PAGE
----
What a Doll:
People who know me know that I'm not much of a pack-rat. I keep as little as possible and what I do keep is, most often, not what it appears to be.
Anybody who knows anything about the history of Conneaut Lake can tell you something about the Oakland Hotel. The one everyone remembers was a huge, frosted cake of a building constructed in the mid-19-teens on the high shoreline of the northern portion of the East Side whereupon had sat a much smaller, plain-Jane affair that had succumbed to fire.
Oakland Hotel and "Boat" late 1930s
About two decades after the main hotel was put up, an extremely distinctive and very large boat-like structure was built, jutting from the front of the hotel, out and over the edge of the bluff. It held a bar and dance-floor and definitely changed the "look and feel" of the place. Opinions of the "boat" were mixed. Today it seems to engender a universal "wow, how cool is that?!" But my dad viewed it with nothing less than disdain, deeming it "the ruination of the place" partly because it changed the Oakland from a place of family to one of partying.
I was never inside the boat, though I do have strong memories of wandering on it in the spring and fall: Throwing handfuls of maple-seed "helicopters" over the deck railing, watching them spin their way to the ground far below. Such activities were, of course, forbidden, but then, so were lots of other things. I don't recall much
about the Oakland Hotel that you see in the postcards, either. I remember being
in its huge lobby exactly twice. Once when it was in operation and once
as it was being dismantled.
My dad, his brother, and some of us kids walked up the shoreline path from Midway and visited as the hotel was being pulled down in the mid-1960s. It was a cold, gray day. The adults told stories of the Oakland's glory days. How the native-stone hearth held logs that were six feet long. How, in its day, the place was a wonder to behold. How the loss of the hotel marked the end of an era. All of it was lost on us kids, mostly because we'd heard the stories a million times before and sheesh, blah-blah-blah, okay we know, can we go home now? It's cold!
I wasn't there when what remained of the Oakland was burned. A few of us kids rode our bikes up the next day. Smoldering piles of charred lumber, air thick with the smell of fire. Everything was eventually bulldozed into much smaller pieces. The land was contoured. That was that. My parents told us to stay away from the place. It was dangerous, with torn metal and broken glass. There was wood with rusty nails. We might step on one and die from lock-jaw (whatever the heck that was).
But the pull was irresistible. Riding our bikes up the old access road in the rear. Staying mostly near a grove of big oak trees, out of site from adults who may drive by. Jim, Mark, Willie, and I; we visited over and over. Poking through what was left. Looking for treasures. Mark found a gold coin. A small ten-dollar, I think. Jim found a rusty nail on a board that pierced both the bottom of his tennis shoe and his foot. When I told him we had to tell his parents, he considered me crazy. "I'm not supposed to be here. I'd rather get lock-jaw and die than tell my mom and dad!" His parents were never told. Jim survived. Lock-jaw never struck.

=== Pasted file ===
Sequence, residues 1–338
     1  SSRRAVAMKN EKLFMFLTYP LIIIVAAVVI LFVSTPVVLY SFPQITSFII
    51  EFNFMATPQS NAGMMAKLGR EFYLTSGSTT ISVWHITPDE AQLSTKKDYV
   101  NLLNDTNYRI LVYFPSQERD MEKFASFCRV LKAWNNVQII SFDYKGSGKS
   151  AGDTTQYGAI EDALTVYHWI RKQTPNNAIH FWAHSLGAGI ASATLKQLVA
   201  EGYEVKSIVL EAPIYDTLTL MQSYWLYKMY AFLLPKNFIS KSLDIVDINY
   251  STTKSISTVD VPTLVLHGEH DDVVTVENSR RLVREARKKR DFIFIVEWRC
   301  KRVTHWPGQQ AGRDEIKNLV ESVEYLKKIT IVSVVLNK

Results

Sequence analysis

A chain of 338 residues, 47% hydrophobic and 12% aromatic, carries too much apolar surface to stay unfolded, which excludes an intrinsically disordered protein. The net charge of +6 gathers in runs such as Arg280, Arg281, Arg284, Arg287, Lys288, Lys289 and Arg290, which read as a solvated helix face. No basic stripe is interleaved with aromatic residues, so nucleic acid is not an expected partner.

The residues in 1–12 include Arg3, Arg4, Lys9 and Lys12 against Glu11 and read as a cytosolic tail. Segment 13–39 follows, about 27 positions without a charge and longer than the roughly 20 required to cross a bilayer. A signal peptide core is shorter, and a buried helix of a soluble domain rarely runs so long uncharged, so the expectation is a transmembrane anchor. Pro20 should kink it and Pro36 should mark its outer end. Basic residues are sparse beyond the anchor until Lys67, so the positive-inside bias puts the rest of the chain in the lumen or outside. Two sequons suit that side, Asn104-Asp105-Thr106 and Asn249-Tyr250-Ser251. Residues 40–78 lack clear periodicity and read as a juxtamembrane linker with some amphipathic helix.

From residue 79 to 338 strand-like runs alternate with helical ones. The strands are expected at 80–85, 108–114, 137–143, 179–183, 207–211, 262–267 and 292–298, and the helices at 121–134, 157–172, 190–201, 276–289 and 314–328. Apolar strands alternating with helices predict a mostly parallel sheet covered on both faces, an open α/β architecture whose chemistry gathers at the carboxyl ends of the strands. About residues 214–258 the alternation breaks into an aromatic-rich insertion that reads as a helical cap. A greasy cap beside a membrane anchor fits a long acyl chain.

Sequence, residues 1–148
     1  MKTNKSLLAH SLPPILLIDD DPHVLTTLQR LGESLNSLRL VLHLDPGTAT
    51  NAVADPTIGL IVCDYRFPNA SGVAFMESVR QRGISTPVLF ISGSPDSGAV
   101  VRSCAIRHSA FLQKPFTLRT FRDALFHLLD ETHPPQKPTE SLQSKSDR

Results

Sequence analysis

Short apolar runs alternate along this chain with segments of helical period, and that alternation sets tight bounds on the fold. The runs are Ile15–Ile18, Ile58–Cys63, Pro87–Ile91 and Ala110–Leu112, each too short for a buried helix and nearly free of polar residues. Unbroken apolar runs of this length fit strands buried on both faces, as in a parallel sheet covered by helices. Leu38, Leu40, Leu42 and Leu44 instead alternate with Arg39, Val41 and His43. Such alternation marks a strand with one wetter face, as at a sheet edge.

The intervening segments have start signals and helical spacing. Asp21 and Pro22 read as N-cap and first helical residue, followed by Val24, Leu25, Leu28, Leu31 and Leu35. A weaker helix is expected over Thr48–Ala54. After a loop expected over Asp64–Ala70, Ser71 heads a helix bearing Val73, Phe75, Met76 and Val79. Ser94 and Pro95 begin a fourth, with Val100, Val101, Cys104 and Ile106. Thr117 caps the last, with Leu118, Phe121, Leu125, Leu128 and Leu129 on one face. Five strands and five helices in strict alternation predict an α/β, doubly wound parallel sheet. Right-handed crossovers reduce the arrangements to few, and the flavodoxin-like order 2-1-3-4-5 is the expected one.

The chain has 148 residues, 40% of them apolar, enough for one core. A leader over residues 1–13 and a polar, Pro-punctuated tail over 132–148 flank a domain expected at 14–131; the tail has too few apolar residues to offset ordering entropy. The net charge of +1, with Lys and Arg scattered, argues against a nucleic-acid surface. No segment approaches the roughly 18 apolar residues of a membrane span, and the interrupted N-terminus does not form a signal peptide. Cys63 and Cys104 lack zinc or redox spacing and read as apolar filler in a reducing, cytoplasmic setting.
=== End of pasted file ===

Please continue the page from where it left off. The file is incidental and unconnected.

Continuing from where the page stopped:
As for me, I found a dirt-filled and badly scorched body of a small, bisque doll. No hair, no clothes, no arms, no legs. She had somehow made it through the destruction, fire, and churn of the dozers. The guys teased me about keeping her, but she was lost and forlorn and very much in need of a friend. After what she'd experienced I couldn't very well leave her be or toss her in the Lake or bust her in half. Into my pocket she went. Once home, a good scrubbing found her marked 620 10 Made in Germany.
That tiny and fragile doll became proof to me that survival was always possible, though you might be damaged and unrecognizable. She went whenever I moved. First to college. Then to various towns and states and apartments and houses of my own. Tucked away in my sock drawer she was, where I saw her first thing every morning as a reminder of what was possible.
Three Inches of Survival
I decided one day, about twenty years ago, that it was time to get her fixed up pretty. The first two "doll doctors" we visited were discouraging. "Nothing special," said one. "Not worth the money to fix," said another. When the third one smiled and said "what a sad and pretty girl," I knew I'd found who I was looking for. I told the lady the story of finding the doll. We chose the early 1900s for the make-over. I was told to return in a few weeks.
I don't remember what it cost to have her rebuilt. It doesn't matter. It was certainly not that much, especially considering there were limbs and clothing and hair and badly needed makeup involved. I couldn't believe the transformation. I was astonished by how pretty she looked. I still didn't–and still don't–know her name. Though, somehow, I had always known she was a red-head.
Her home is, at present, a cabinet near where I sit and write. I smile each and every time I look at her. A small reminder, now, that not only can you survive the tribulations of life, but that you can look good while doing it.
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